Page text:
Being ill and near to the end of life can raise questions such as "Why me? Why now?". The experience may start or increase thoughts of a spiritual or religious nature. Some research has found that having spiritual or religious awareness, or both, may help a person cope with disease and dying. We conducted our review through searches for studies that were randomised controlled trials. We only included such studies if they evaluated an intervention that involved a spiritual or religious aspect, such as prayer and meditation, and aimed to support adults in the terminal phase of a disease. We found five studies. In total, the studies involved 1130 participants. Two studies evaluated meditation. Three evaluated the work of a palliative care team that involved physicians, nurses and chaplains. Studies compared those who received the intervention with those who did not. Studies evaluated the interventions in various ways including whether it helped in any way a person's quality of life.
There was inconclusive evidence that meditation and palliative care teams that involve a chaplain or spiritual counsellor help patients feel emotionally supported. The findings of the review are limited. This is because none of the studies measured whether the intervention helped the person cope with the disease process, and also it is unclear whether all participants receiving the palliative care team interventions were offered support from a chaplain. All the studies were undertaken in one country, making it difficult to draw conclusions as to whether the intervention would work elsewhere.
We found inconclusive evidence that interventions with spiritual or religious components for adults in the terminal phase of a disease may or may not enhance well-being. Such interventions are under-evaluated. All five studies identified were undertaken in the same country, and in the multi-disciplinary palliative care interventions it is unclear if all participants received support from a chaplain or a spiritual counsellor. Moreover, it is unclear in all the studies whether the participants in the comparative groups received spiritual or religious support, or both, as part of routine care or from elsewhere. The paucity of quality research indicates a need for more rigorous studies.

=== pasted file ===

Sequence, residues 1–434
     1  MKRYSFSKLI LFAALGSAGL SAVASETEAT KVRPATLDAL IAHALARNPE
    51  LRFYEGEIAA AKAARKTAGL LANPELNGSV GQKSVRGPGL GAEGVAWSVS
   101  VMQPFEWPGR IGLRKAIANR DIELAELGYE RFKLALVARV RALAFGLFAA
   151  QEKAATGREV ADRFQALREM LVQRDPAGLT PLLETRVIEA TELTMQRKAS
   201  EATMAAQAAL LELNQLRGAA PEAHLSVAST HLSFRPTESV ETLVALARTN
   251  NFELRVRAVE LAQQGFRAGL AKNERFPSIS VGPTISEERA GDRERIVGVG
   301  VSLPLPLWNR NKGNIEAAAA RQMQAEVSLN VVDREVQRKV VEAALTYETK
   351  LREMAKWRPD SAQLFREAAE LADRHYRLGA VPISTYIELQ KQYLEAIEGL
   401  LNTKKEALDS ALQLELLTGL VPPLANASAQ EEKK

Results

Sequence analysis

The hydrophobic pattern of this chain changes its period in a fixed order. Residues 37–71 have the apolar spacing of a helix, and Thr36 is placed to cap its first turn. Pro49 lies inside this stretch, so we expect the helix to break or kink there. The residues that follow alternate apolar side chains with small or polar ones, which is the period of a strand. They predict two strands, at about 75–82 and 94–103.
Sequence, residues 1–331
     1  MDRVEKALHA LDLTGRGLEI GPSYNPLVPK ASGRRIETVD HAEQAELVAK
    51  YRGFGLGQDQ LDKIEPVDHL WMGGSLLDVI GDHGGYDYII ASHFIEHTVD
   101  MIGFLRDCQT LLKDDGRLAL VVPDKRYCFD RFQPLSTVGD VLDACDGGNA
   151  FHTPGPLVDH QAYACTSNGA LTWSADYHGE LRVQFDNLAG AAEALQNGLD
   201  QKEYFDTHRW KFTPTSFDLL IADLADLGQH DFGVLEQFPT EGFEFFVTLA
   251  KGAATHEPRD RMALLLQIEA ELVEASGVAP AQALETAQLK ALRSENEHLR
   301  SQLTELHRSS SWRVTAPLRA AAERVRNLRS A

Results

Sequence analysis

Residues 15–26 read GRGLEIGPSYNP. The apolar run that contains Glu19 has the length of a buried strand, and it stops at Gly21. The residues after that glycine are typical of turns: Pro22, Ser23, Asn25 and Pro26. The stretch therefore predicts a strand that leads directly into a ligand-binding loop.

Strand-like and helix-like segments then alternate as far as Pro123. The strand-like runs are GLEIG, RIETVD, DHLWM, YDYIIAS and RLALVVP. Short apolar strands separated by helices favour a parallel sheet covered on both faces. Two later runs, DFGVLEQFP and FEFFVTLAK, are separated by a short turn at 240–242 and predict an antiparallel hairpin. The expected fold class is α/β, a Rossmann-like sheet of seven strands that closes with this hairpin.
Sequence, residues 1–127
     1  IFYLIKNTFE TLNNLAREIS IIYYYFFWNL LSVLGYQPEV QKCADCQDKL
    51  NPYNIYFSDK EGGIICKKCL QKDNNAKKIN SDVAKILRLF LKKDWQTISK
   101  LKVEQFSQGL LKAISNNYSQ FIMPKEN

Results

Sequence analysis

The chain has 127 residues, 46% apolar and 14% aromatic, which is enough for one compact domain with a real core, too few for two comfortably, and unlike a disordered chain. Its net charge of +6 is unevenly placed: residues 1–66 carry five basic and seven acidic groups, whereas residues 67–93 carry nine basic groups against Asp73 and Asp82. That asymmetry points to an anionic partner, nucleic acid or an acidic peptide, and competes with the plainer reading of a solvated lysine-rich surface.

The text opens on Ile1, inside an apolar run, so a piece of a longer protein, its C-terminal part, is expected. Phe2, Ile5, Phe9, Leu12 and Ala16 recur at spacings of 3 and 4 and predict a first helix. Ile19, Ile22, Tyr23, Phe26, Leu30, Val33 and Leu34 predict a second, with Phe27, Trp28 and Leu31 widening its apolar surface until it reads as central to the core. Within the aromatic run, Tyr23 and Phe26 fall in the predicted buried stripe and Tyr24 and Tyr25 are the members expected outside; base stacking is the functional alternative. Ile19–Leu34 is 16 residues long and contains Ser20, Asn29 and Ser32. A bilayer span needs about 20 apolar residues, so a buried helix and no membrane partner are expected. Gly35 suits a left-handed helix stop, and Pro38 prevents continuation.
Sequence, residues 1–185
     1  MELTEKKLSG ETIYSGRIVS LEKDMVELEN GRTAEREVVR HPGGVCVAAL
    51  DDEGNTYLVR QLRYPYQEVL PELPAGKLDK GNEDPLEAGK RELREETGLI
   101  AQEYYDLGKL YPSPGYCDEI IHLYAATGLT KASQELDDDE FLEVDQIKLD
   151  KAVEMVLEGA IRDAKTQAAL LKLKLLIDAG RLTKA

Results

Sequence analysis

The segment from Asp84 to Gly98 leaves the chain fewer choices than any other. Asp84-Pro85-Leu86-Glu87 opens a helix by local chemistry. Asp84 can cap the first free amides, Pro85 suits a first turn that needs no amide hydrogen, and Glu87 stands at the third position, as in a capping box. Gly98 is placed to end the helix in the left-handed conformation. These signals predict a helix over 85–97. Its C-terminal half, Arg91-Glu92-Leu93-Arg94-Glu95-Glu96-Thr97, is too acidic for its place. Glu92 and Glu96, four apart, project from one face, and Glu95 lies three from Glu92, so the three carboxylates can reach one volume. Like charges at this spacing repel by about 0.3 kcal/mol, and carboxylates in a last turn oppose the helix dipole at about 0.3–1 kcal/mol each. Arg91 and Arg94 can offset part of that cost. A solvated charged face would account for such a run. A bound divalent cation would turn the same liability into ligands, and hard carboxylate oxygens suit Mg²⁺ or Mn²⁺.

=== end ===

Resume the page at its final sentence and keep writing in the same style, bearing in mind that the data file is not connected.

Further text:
As terminal disease progresses, health deteriorates and the end of life approaches, people may ask "Why this illness? Why me? Why now?" Such questions may invoke, rekindle or intensify spiritual or religious concerns. Although the processes by which these associations occur are poorly understood, there is some research evidence for associations that are mainly positive between spiritual and religious awareness and wellness, such as emotional health.
This review aimed to describe spiritual and religious interventions for adults in the terminal phase of a disease and to evaluate their effectiveness on well-being.
We searched 14 databases to November 2011, including the Cochrane Central Register of Controlled Trials and MEDLINE.
We included randomised controlled trials (RCTS) if they involved adults in the terminal phase of a disease and if they evaluated outcomes for an intervention that had a spiritual or religious component. Primary outcomes were well-being, coping with the disease and quality of life.
In accordance with the inclusion criteria, two review authors independently screened citations. One review author extracted data which was then checked by another review author. We considered meta-analysis for studies with comparable characteristics.
Five RCTs (1130 participants) were included. Two studies evaluated meditation, the others evaluated multi-disciplinary palliative care interventions that involved a chaplain or spiritual counsellor as a member of the intervention team. The studies evaluating meditation found no overall significant difference between those receiving meditation or usual care on quality of life or well-being. However, when meditation was combined with massage in the medium term it buffered against a reduction in quality of life. In the palliative care intervention studies there was no significant difference in quality of life or well-being between the trial arms. Coping with the disease was not evaluated in the studies. The quality of the studies was limited by under-reporting of design features.